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Bondage Fruit I
Bondage Fruit Zeuhl

Review by siLLy puPPy
Collaborator PSIKE, JR/F/Canterbury & Eclectic Teams

4 stars The crazy zeuhl sub-genre of progressive rock may have begun in France by Magma creator Christian Vander and then imitated by many others mostly residing with the French territory but after this crazy jazz-rock's country of origin, no other country has helped evolve it beyond its Kobaian roots like Japan has. The Eastern chapter of zeuhl craze caught on in the 80s when Tatsuya Yoshida emerged from nowhere with his band Ruins as it took the bubbling zeuhl rhythms of the French pioneers and turned it all into a highly sophisticated and bombastic mix of zeuhl, avant-prog, math rock, hardcore punk and free improvisation. The Japanese sector of the zeuhl universe has become known as brutal prog in many camps with its relentless attack of all the characteristics of progressive rock turned up to 11 without showing a shred of mercy whatsoever.

After Ruins opened the floodgates of this free-for-all zeuhl-fest, one of the earliest bands to follow suit was the Tokyo based BONDAGE FRUIT which took many of the aspects of Ruins, such as the avant-prog eccentricities of bands like Henry Cow and brutal bombast a la hardcore punk and simmered it all down into a completely new form of martial rhythmic drive that included a whole bunch of new instrumentation hitherto unheard in the genre's French scene. BONDAGE FRUIT was formed in 1990 by guitarist Kido Natsuki, violinist Yuji Katsui and drummer Otsubo Hirohiko. The band emerged from the ashes of another band Deforme and went through many lineups before vocalists Aki and Saga Yuki, percussionist Okabe Youichi and Takara Kuimiko (vibraphone, marimba, glockenspiel, percussion) joined ranks and created the band's outstanding self-titled debut which hit the market in 1994.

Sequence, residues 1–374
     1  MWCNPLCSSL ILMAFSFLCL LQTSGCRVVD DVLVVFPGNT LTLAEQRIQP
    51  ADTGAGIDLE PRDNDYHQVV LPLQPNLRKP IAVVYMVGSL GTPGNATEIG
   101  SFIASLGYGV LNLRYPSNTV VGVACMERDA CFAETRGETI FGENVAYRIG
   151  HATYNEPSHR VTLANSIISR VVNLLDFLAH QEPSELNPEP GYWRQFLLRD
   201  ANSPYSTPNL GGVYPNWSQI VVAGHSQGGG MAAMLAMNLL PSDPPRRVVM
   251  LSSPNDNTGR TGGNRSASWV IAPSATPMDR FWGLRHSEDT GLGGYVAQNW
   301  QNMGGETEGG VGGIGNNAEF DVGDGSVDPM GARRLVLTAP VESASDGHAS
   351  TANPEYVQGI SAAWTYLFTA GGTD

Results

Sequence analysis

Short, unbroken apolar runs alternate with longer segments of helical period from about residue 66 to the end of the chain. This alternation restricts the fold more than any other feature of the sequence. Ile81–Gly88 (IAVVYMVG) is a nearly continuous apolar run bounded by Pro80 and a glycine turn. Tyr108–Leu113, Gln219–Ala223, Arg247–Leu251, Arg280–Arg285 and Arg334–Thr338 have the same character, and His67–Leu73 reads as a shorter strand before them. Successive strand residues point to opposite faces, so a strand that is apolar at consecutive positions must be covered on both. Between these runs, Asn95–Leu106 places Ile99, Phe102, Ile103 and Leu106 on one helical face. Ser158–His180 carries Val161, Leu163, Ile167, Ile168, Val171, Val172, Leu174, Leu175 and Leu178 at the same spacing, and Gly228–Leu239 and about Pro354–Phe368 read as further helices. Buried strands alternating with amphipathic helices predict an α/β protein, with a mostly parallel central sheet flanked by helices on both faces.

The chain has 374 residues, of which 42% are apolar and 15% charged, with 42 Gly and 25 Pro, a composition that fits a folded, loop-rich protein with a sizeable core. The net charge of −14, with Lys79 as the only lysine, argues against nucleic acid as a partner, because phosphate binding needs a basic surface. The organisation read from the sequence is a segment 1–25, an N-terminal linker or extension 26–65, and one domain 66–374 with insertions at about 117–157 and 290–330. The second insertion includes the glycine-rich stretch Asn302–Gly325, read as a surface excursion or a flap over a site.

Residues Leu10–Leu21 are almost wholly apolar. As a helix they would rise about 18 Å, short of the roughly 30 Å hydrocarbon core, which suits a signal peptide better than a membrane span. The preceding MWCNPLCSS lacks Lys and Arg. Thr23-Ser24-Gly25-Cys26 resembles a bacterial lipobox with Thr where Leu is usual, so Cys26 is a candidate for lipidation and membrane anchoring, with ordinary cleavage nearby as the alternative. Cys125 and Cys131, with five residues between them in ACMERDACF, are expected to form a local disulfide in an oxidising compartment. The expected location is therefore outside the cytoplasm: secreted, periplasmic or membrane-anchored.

If that fine collection of instruments wasn't enough, BONDAGE FRUIT also incorporated the talents of vocalists Namie Tokyo and Yen Chang as well as saxophonist Hirose Junji on select tracks. While following in the footsteps of Ruins' manic delivery of percussion run amok with ample doses of noise rock, BONDAGE FRUIT crafted a much steadier flow of musical elements that relied as much on melody as the frenetic callithump of creative instrumental interplay. In addition to the Magma inspired zeuhl rhythms and the haunting choral vocal styles, the band displays a rather Mahavishnu Orchestra inspired style of jazz-fusion that comes through loud and clear on the Ponty-esque violins as well as the Celtic folk tinged guitars that tease in some John McLaughlin. However despite the niceties involved there is still plenty of room for avant-prog angularities such as on "Rigo" which hints at the artier side of the Art Bears or News From Babel.